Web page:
- The Washington Times - Tuesday, January 20, 2004

Helga Tacreiter does not eat meat. She loves cows, but prefers to see them live out their days in peaceful fields rather than end up as hamburger.

She is one of about 5.7 million vegetarians in the United States, according to a survey by the Vegetarian Resource Group.

After years spent milking cows and raising calves for dairy farmers, Ms. Tacreiter decided to create a cow sanctuary in New Jersey, a haven to protect the animals from slaughter. She finances the operation by making life-size stuffed cow pillows she calls Helga’s Cowches.

“I grew to love [cows] when I worked on farms, milking and feeding these peaceful creatures and getting to know their distinct, individual personalities,” she says.

For 12 years, she worked on dairy farms.

“I made their lives as decent as possible,” she says. “My heart broke each time one of my friends was sent to slaughter.”

One night in 1988, a huge spring storm changed her life, she says. The next morning, after she woke up, she found her cows all dead, killed by lightning, except six calves, who were now orphans.

“Something inside me changed. The years of accepting sad reality were over,” she said. She couldn’t imagine to see these six calves spared by the storm but then sent to a slaughterhouse. She saved half of her wages to buy the calves.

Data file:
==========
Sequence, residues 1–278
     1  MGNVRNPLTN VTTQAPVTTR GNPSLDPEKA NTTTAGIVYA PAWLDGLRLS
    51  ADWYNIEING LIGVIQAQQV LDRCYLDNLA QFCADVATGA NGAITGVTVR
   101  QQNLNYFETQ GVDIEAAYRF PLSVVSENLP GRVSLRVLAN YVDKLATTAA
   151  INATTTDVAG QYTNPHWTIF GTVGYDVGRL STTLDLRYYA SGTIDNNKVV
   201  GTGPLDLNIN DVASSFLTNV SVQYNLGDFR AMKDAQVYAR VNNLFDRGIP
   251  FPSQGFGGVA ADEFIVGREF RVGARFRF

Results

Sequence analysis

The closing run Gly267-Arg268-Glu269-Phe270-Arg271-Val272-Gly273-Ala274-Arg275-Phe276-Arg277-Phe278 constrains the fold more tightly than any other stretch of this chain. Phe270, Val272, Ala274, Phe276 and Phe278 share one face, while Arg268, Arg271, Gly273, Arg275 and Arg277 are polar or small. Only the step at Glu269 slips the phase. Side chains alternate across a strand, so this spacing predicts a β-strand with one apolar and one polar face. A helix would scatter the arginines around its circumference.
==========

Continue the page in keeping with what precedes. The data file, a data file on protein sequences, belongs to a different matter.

“Never was money better spent,” she said.

However, when the farm was sold and she lost her job, the problem arose of how to feed them.

“The answer came to me as I lay in the straw snuggling with my cow family: I’d make life-size stuffed cows for others to snuggle the way I snuggled with my real cows,” she said.

Taking as her model one of her cows named Harvey, she began to make the pattern of what would become Helga’s Cowches, life-size soft, sculpture floor pillows, which that she says will allow her to feed the cows.

“For five hours, Harvey stood perfectly still while I fitted the pieces of material around him. … By sunrise, the first Cowch was born,” she said.

This was 14 years ago. Since then, Ms. Tacreiter has created six sizes of Cowches, from 3 feet for the newborn to 8 feet for adults, each portraying her favorite cows.

Thanks to the success of her Cowches — she already has sold 1,079 of them — she could welcome more cows into her sanctuary, where 11 cows are living.

“Oblainka is an old, blind cow that used to live in the field that adjoins my cows’ pasture. Her owner was a rodeo cowboy who had used her as a practice cow when she was young,” she said.

Ms. Tacreiter said she decided to buy the cow just before her owner would have sent the animal to the slaughterhouse. Months later, Oblainka gave birth to a calf Ms. Tacreiter named Charlie.

Ms. Tancreiter’s sanctuary is also home to Beatrice, a cow whose owner became a vegetarian and decided that Beatrice should never be anyone’s dinner.

“My hope is that the Cowches will continue to feed the cows,” said Ms. Tacreiter. “But I hope they will do even more: I hope they will make people think.”

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